Songwriter José Alberto Inzunza — aka Joss Favela — has probably made more money than any of the other kids from Código F.A.M.A. Season 2, the TV talent show where he finished seventh in 2004. The winners of Season 2 went on to star in Misión S.O.S., a novela that featured the following novel plot points:
[T]he neighbors of Buenaventura have even darker futures, as they are in danger of losing their homes, their school and much more, because the evil old Severiano plans to tear down the neighborhood and build an enormous shopping mall in its place. To accomplish his plan, Severiano is willing to resort to any means, and will provoke a series of disasters to drive the inhabitants away.
The decrepit old theater is the children’s favorite spot, and this is where they meet a mysterious little man who will change their lives and the fate of Buenaventura forever. Chaneque, a friendly elf, is a magical being who is on an important mission: to save his elf-world from destruction.
Yes yes, Shakespeare plots sound ridiculous when you describe them, too, although I’m not sure El Bardo ever resorted to the ol’ “save the theater before the evil capitalist tears it down” gambit. The point is, Misión only ran for a season, so I’m guessing its actors aren’t earning much in residuals. (If that’s how things work in Méxican TV.) Joss “Seventh Place” Favela, though, became a songwriter who scored massive hits. “Te Hubieras Ido Antes,” Favela’s favorite because it “crossed genres and borders” and therefore made him lots of money, had the good fortune to be sung by the continent’s best voice, Julión Álvarez; “¿Por Qué Terminamos?” landed with Gerardo Ortiz, who also got his start singing on Código F.A.M.A., where he looked exactly the same as he does now — only shorter and more elfen.
Favela just released his solo debut album, Hecho a Mano (Sony). He sings with a fine quartet — accordion, tuba, bajo sexto, drums — whose personnel NorteñoBlog is still trying to track down. As you’d expect from this born romantic balladeer, the melodies are strong and soaring. As you might not expect, the band and their leader sometimes have great fun crushing lovelorn sentiments into a fine dust. For example, the standout “No Vuelvas a Llamarme” is a days-of-the-week song like Craig David’s “7 Days,” but it’s also a furious rolling waltz where Favela urges his ex not to call him, because he always has something better to do. (“Believe it or not, I go to Mass on Sundays” — and if you’ve ever tried to use your phone inside a cathedral, you know the reception sucks and the wi-fi’s probably spotty.) The well-rehearsed band has their stop-start game down cold, and the rhythm section’s licks fly nonstop like the popcorn Favela enjoys at those Wednesday double features he claims to never miss. Pick to Click!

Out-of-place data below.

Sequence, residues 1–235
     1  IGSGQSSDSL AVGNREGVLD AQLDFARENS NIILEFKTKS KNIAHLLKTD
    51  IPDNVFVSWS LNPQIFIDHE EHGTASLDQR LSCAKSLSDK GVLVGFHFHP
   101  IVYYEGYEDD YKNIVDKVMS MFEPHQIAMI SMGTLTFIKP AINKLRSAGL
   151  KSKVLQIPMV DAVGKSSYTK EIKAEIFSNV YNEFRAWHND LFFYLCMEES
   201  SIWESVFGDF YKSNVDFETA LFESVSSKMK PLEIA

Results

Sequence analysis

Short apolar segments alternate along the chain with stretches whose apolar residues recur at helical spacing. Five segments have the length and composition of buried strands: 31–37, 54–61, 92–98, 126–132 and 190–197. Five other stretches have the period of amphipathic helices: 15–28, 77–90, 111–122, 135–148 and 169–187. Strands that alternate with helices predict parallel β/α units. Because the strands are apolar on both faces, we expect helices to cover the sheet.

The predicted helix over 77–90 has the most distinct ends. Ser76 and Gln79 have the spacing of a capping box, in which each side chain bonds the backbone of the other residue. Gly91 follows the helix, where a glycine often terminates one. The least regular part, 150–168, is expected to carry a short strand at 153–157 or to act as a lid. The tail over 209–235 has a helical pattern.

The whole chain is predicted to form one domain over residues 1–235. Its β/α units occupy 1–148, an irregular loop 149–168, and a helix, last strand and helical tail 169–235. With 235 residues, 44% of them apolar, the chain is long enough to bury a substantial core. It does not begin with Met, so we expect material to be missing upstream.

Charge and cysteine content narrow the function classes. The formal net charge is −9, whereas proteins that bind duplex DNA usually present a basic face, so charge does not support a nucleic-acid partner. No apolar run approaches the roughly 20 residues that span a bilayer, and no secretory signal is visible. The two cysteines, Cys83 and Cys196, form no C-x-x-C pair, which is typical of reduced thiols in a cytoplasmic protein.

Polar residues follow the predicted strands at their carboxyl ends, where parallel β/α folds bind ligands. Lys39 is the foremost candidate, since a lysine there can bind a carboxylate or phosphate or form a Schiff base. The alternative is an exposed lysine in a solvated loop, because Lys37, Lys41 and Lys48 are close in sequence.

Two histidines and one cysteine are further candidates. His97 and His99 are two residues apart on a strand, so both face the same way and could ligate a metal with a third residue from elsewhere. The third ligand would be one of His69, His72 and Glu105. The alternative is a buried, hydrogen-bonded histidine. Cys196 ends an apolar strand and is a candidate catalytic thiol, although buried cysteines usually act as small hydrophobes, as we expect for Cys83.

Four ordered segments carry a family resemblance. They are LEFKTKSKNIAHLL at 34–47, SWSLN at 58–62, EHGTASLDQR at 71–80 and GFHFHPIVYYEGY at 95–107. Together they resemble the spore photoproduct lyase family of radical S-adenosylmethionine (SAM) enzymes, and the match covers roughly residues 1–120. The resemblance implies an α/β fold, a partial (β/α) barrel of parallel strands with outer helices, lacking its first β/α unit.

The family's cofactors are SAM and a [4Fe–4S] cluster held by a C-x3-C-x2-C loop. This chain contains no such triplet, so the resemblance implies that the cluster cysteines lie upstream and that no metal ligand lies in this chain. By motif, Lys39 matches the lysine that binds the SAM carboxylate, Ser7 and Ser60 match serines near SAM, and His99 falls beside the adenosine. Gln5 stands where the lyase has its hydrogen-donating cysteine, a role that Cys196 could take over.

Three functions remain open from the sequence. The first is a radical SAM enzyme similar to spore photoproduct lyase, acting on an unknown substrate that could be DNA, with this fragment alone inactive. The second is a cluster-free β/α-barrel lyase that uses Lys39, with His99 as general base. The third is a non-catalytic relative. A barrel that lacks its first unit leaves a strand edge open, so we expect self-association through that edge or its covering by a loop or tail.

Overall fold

Sharing Favela’s barber and sombrerero is Francisco “El Chico” Elizalde, who just released his own solo debut Tu Secreto (Music Eyes). Elizalde sings with a deeper voice and more banda, and he has not yet learned the value of restraint, packing his album with 16 songs and two alternate versions. But he does know the value of a big dumb cumbia like “Cleopatra,” an ode to a pretty sunbather whose name sort of rhymes with lots of other words. The album also includes a duet with noted accordion-hero-turned-crooner Remmy Valenzuela, “Llevemos Serenata”, that takes a while to pick up steam but gallops away once it does.
Speaking of young Sr. Remmy, he’s back with a stopgap album of chops and Real Musicianship entitled Con Tololoche (Fonovisa), where he and his magic fingers team up with — you guessed it! — a tololoche (stand up bass) player to play a bunch of love songs and corridos. (16, to be exact — es el número mágico.) Songs include Valenzuela’s own “Mi Vida En Vida” and everyone’s “Dos Mujeres Bonitas.” Why you’d want to listen to these stripped-down versions escapes me, unless you have a thing for ornate instrumental doodles mucking up perfectly good songs. Give Con Tololoche this: at least it has songs, so it’s better than the new Dream Theater!
Also better than the new Dream Theater is every 2016 album not by Banda MS the new album by the all-female Banda Las Tapatias, who’ve been around since 1993. On the one hand, Cosas del Amor (Columbia) is pretty generic. On the other hand, it reminds us that las Tapatias’ excellent 2001 backbeat single “En Que Falle Yo” still exists.